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April 12, 2021

Welcoming refugees

Opinion

April 12, 2021

Thousands of desperate migrants, mostly from Central America, are stuck at the US-Mexico border. Most are families and unaccompanied children.

Despite their legal rights to apply for asylum, U.S. officials are turning away huge numbers, claiming pandemic restrictions. But thousands of children remain, held in crowded border detention facilities while awaiting transfer to Department of Health and Human Services facilities that are full to bursting.

The situation is terrible for those children and their families. But dealing with it isn’t rocket science: The government should authorize emergency spending to expand and build new facilities and hire social workers, health care providers, and teachers to care for these kids – along with an expanded team of family reunion workers.

Here in the wealthiest country on earth, we should know how to care for influxes of desperate people. Just ask the teams who welcomed, cared for, and arranged placement for 131,000 Vietnamese refugees in the US in 1975. All that’s missing now is political will.

When you look at the global picture, the situation on our border starts to look much more manageable. So let’s clear up a few things. There is a massive displacement crisis all over the world.

Globally, more than 80 million people, including 34 million children, have been forced from their homes because of war, violence, economic collapse, or climate disasters. Among these, 26 million are refugees, forced out of their country. Another 4 million are seeking asylum.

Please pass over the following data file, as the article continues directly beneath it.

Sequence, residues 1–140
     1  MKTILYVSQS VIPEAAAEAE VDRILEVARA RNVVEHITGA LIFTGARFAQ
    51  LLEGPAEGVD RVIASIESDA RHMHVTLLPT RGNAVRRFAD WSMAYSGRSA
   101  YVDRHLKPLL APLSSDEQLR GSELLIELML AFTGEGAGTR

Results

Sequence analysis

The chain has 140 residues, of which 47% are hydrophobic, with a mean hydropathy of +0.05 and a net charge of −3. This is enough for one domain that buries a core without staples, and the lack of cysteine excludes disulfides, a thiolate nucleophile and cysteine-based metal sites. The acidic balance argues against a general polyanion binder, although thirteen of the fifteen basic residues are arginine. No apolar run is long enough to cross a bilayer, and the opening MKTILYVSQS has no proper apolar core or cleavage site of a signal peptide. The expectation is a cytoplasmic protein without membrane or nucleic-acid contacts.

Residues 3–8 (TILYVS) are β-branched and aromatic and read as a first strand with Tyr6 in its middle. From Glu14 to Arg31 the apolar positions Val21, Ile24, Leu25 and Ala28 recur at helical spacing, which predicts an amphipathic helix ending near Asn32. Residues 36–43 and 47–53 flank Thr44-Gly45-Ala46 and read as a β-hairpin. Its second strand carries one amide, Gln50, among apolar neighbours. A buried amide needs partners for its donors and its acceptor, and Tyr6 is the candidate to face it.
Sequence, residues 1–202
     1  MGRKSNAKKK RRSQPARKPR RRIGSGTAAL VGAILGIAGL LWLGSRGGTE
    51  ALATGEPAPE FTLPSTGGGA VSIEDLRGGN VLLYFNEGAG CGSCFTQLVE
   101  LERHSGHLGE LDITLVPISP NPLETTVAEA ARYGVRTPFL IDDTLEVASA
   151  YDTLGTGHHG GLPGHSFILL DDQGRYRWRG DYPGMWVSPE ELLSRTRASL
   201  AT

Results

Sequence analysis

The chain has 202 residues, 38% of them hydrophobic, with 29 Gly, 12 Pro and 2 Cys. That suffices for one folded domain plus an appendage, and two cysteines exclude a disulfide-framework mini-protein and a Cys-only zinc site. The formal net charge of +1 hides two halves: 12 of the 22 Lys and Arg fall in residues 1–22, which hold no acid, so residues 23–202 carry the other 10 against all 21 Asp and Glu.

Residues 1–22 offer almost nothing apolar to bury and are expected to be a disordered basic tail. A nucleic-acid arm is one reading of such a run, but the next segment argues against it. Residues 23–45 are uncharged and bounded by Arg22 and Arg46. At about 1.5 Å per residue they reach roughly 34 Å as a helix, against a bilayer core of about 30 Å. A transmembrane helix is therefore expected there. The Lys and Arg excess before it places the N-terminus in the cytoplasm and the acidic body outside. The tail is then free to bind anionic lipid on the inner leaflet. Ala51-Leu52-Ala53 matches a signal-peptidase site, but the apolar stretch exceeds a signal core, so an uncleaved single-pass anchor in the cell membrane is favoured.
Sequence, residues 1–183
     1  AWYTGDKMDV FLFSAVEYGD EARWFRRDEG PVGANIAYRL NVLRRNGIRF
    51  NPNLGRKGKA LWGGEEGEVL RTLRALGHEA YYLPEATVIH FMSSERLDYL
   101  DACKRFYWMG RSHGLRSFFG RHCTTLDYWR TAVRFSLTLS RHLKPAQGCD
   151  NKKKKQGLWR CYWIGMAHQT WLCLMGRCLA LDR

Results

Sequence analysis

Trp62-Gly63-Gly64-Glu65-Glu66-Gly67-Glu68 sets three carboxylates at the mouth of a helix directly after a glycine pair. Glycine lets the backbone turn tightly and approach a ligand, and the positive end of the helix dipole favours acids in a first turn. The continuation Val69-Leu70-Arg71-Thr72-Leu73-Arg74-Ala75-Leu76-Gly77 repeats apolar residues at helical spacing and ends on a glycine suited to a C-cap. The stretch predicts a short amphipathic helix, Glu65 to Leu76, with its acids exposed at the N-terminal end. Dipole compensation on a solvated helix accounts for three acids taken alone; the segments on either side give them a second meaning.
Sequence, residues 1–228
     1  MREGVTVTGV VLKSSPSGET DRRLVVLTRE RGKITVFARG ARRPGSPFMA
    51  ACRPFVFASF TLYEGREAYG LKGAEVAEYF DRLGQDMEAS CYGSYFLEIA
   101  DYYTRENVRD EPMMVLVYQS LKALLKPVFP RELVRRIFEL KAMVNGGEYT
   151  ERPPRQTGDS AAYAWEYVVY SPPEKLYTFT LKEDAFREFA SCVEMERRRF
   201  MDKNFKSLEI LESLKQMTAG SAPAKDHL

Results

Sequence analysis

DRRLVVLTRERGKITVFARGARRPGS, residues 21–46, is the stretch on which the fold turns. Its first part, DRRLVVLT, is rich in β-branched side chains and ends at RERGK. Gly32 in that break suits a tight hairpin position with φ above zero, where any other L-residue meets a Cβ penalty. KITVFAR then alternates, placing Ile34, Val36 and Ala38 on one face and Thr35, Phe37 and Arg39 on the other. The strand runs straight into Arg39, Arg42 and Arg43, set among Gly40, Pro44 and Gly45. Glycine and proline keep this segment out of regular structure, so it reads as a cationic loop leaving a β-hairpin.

The world’s top refugee hosts are mostly poorer countries. More than two-thirds of refugees come from just five countries – Afghanistan, Syria, Myanmar, Venezuela, and South Sudan – none of which are in Central America. These refugees have mostly sought safety in nearby countries. Millions of Syrians fled to Turkey. Venezuelans poured into Colombia. Afghans escaped war in Pakistan, and South Sudanese in Uganda. Myanmar’s Rohingya fled to Bangladesh.

Among the world’s top refugee hosts, the United States isn’t even close. In Lebanon, a tiny country facing a massive economic crisis, one of every five people is a refugee – the equivalent of the United States taking in 66 million. Yet under the last administration, we admitted just a few thousand each year – a record low.

Allowing refugees to apply for asylum isn’t just a nice thing to do – it’s the law. When the United States signed the 1951 Convention on the Status of Refugees, it committed itself under international law to protect refugees. According to the United Nations refugee agency, the Convention’s “core principle is non-refoulement, which asserts that a refugee should not be returned to a country where they face serious threats to their life or freedom.”

Excerpted: ‘Poor Nation's of the Earth Host Millions of Refugees as US Refuses to Host Just a Few Thousand’

Commondreams.org